As part of our Inspiring Minds initiative, we’re talking to local people who participate in art and find it beneficial for their mental health. This time the spotlight’s on Kezia Hoffman who you may have seen in action spray painting in the town centre as part of our Together We Make Eastleigh project.
Kezia graduated with a sculpture degree from Winchester School of Art in 1998. She then became a mother and a community artist before setting up her own venue, the Granary Creative Arts Centre in rural Hampshire, in 2016. She spoke to The Point’s Suna Imre.
Q: What kind of art do you make and why?
A: I sculpt with stone, wood, clay and play with spray, paint, ink and drawing. I used to criticise myself for not focusing on one form but these days I see versatility as a gift. Creativity for me is a form of problem solving and storytelling, a transition from one state to another, a playful leap into an idea, or state, or problem, asking ‘what gift can I bring forward from this ?’
I approach an issue from all angles, asking, ‘what is this, why is this and what is the story that wants to be told?’ Connecting with feelings is important; I would rather play with the raw essence of a subject than be technically advanced or pretty. I would like people’s response to be visceral and ideally, they would be able to take a gift from it too. So in that sense, art is an offering.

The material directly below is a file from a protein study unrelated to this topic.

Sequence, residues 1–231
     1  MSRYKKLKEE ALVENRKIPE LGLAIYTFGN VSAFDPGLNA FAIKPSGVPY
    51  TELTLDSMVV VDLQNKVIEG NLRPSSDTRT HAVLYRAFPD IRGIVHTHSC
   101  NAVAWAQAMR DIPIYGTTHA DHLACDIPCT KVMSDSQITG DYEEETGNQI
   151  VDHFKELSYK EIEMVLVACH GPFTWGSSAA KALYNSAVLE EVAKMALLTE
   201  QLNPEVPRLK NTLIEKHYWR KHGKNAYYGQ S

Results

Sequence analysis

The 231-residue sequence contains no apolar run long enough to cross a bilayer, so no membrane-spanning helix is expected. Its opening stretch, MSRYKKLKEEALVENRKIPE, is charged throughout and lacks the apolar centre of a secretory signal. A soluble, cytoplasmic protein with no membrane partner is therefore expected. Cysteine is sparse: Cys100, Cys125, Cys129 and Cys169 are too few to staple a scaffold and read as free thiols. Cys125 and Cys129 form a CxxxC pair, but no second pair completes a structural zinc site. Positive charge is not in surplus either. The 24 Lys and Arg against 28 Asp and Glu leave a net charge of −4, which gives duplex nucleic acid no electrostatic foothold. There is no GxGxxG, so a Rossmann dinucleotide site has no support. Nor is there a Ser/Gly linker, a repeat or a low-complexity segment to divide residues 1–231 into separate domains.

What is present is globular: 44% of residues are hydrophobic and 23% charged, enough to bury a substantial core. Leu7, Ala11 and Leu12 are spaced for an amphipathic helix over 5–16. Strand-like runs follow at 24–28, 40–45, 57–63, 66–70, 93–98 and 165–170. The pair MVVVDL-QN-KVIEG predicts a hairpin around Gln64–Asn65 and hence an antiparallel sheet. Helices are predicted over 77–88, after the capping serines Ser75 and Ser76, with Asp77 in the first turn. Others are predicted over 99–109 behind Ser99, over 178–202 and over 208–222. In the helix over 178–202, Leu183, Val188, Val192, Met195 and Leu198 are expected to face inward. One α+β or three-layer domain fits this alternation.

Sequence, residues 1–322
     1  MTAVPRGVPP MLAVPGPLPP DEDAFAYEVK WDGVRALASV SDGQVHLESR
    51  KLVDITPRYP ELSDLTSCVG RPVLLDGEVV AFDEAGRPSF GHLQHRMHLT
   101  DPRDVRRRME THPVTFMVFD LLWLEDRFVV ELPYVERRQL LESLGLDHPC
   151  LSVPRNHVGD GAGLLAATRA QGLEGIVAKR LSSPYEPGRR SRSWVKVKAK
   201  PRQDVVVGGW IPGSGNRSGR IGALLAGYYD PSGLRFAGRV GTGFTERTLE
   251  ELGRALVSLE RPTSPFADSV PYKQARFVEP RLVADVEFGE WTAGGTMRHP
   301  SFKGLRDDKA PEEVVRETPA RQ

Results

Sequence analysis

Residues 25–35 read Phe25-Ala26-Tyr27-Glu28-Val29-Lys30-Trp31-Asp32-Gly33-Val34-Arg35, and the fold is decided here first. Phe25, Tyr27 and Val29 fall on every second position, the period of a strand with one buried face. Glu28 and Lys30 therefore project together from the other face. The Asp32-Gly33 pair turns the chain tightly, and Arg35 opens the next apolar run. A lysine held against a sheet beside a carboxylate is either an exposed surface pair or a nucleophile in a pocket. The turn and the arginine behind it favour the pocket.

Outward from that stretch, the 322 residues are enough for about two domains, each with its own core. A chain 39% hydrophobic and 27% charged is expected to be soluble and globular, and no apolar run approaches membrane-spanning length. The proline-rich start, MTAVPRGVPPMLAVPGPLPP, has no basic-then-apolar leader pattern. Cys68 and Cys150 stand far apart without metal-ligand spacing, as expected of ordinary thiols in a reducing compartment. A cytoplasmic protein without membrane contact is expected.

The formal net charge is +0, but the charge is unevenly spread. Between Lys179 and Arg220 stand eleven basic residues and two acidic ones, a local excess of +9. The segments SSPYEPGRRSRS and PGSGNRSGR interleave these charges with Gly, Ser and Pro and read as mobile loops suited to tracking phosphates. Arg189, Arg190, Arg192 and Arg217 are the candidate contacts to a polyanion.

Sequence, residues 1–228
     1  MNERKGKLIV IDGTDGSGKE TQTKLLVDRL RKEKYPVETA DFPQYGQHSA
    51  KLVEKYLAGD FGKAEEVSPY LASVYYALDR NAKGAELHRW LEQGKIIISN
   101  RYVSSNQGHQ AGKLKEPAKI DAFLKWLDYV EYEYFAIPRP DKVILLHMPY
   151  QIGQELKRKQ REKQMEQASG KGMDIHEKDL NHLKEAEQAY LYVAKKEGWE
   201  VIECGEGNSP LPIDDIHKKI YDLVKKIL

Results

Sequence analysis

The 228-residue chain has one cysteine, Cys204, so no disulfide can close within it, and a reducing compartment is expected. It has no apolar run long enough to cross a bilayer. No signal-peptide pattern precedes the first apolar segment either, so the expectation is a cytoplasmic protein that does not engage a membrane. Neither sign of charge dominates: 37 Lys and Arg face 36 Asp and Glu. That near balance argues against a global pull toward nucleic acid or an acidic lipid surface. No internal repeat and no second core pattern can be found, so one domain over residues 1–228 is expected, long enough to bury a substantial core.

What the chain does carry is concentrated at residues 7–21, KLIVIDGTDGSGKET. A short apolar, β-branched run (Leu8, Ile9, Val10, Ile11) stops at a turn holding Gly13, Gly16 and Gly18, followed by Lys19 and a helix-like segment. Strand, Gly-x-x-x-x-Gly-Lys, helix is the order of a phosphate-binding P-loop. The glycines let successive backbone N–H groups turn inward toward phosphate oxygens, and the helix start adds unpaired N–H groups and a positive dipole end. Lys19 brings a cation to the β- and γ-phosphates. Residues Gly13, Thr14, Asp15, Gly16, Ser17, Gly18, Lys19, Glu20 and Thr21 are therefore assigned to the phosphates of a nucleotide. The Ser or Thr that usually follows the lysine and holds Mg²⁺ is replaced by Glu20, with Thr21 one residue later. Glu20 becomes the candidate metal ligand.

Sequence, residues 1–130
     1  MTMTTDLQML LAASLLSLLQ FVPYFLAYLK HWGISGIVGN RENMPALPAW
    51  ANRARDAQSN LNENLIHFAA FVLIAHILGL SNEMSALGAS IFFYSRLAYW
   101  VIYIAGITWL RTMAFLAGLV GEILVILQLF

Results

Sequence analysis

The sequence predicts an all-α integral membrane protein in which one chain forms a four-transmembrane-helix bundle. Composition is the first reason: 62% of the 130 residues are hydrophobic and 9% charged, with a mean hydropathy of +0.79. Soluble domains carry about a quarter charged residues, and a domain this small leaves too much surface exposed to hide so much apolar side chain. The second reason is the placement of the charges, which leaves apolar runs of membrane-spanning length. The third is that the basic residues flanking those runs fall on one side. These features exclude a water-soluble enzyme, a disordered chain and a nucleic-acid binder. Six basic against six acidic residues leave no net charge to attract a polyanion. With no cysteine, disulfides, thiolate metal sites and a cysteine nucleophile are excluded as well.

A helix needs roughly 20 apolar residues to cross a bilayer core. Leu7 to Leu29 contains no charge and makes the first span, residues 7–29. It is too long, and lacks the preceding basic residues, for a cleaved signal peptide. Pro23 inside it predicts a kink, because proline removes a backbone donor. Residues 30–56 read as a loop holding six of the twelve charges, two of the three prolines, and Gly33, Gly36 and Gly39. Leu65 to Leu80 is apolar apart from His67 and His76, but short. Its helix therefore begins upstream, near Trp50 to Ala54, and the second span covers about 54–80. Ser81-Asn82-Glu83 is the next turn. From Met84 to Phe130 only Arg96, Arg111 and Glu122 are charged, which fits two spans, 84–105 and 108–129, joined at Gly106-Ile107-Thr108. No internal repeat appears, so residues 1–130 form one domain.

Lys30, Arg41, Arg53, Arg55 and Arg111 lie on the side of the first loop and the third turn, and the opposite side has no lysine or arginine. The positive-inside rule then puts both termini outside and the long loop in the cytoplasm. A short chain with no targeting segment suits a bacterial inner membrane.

Q: In what ways does making art have an impact on your mental health?
A: What concerns me is authenticity - so much of current modern society takes people away from their authentic selves. If we all did our best to tap into who we really are and how we want to live, without having to prove anything, then perhaps that would solve part of the mental health crisis we currently find ourselves in. I believe that listening to our inner nature, responding to the natural world around us and building a quiet relationship with the environment would enable us to access what makes us truly human.
I spend a lot of time walking in the woods and I allow myself to get lost and be guided by the environment. As humans we have done so much taking from the natural world and we have seen it as a commodity. What’s missing is our ability to listen to nature. I think nature does talk back to us and the listening process is absolutely what is needed to be creative too. There is a listening to something that is greater than yourself, that you are a part of that wants to be expressed.
So when we are not being creative and authentic - those things that really make us happy and alive in the world - then all sorts of problems can arise and impact our health and wellbeing.
Q: What space do you go into when you're making?
A: I want to be engaged and surprised by the making process so I wait until I get excited by an idea. Then I like to stand back, listen for its shape and respond in ways which may challenge me and force me to step out of my depth. I like to get lost in the unknown because, in that place, I know I can grow. I love that feeling of playfulness, that comes with uncharted territory as there are no set rules or expectations. That's where I feel alive.